Flux Sunday, Apil 13th

While much of the dialogue in the theatrosphere justly involves revolutionary change, it is often little incremental break throughs that give me the most pleasure. Flux Sunday regularly reveals such break throughs – the right actor, the right director, the right role – and some new unconsidered possibility opens up. The picture here is Brian Pracht from our 2007 retreat at Little Pond, working on his play The Misogynist. And at this last Flux Sunday, he gave a performance in Dog Show that revealed possibilities new to me – of Brian as a performer, of David Ian Lee as a writer, Jeremy Basescu as a director, and of that strange pride we sometimes have in our biggest mistakes.

We began with Jeremy’s new comedy, Calling CQ, about a President who is obsessed, perhaps justifiably, with an imminent Martian invasion. Highlights of this round table reading included Richard Watson’s right wing reporter Storm and Jane Taylor’s no nonsense paper editor Ruth.

We then had the pleasure of returning to Kate Marks antic comedy Bird House. One thing we have learned about this wildly inventive play – if you think too much about it, the play sags; but if you just live absolutely in each individual moment, the audience will follow you down the strangest journeys. Returning to the play was reigning Bird House champion Nancy Franklin as Rita, with a comically committed performance by Felicia Hudson as the militant Myra. The best line reading of the day, however, belonged to Katherine Burger’s “breakfast is so cruel and I never want to have it again”.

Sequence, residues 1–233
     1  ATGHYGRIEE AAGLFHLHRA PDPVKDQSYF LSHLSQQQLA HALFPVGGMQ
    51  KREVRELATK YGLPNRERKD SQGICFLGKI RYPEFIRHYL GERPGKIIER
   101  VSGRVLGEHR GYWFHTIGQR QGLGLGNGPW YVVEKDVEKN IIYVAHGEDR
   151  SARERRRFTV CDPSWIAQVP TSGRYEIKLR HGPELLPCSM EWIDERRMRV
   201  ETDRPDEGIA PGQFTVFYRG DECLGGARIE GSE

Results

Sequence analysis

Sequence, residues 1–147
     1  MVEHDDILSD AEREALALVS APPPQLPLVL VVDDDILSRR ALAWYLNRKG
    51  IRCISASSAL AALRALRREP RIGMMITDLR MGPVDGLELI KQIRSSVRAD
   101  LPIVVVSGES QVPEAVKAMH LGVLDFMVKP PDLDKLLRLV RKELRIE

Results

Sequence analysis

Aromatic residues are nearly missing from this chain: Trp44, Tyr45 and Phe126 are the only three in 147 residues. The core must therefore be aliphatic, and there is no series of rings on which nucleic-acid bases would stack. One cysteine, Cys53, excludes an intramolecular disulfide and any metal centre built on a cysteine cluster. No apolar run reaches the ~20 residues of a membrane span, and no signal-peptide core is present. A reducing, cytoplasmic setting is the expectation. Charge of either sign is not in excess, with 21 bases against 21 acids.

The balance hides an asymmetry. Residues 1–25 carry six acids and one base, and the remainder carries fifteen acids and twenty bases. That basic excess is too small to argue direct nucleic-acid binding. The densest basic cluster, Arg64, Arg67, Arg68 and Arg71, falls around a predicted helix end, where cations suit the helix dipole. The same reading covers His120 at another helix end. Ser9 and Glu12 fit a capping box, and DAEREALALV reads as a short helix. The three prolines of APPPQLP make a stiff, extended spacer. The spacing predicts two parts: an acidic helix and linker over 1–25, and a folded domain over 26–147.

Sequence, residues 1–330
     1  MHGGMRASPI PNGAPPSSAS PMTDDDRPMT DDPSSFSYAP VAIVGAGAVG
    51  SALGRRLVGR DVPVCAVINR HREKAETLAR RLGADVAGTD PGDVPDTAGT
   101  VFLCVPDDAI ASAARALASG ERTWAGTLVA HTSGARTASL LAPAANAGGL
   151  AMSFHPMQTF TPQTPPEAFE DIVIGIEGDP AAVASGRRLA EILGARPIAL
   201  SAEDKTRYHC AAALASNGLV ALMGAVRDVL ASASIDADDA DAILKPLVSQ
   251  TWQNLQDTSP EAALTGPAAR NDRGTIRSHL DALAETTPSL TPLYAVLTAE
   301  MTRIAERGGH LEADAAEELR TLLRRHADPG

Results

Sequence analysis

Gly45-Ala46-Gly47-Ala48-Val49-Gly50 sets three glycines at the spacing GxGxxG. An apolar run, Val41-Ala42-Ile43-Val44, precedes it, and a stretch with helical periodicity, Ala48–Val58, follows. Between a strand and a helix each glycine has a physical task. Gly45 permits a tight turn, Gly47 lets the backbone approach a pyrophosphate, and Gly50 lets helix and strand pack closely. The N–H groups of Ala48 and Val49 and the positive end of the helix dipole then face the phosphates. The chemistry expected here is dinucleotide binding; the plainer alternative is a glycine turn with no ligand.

We continued through the second half of the second scene of Dog Show, where husband and wife team Candice and Frank are seducing, encouraging and/or destroying Frank’s high school buddy, Edward. This scene featured the aforementioned Brian’s reveal that he may have raped a girl in college; and the nuances of disgust, denial, power and pride ran beautifully through his subtle performance.

As a welcome appetizer to the upcoming Imagination Compact, Joe Mathers staged Rob Ackerman’s riff on Quince, Dear China. This hilarious and tender portrayal of 3 techies building a window display for a hardware store is lit up by the characters’ shared love of stories; and Ken Glickfeld found the touching human heart as Quince, a playwright who gets a little embarrassed by how much he loves writing plays.

Andrew and Claire’s marriage has been falling under increasing distress due to dislocation, childlessness, but above all, Andrew’s indiscretion with a prostitute in Thailand. The secret of that indiscretion is gleefully revealed by Sally, the wife of Andrew’s boss. Spurned as a friend by the high-minded Claire, Sally’s revenge plunges their marriage into literal darkness. Kate’s delicate direction and Kelly O’Donnell’s gleeful Saly were among the highlights of this dark patch in this beautiful play.

Only one more Sunday before we break for Midsummer!

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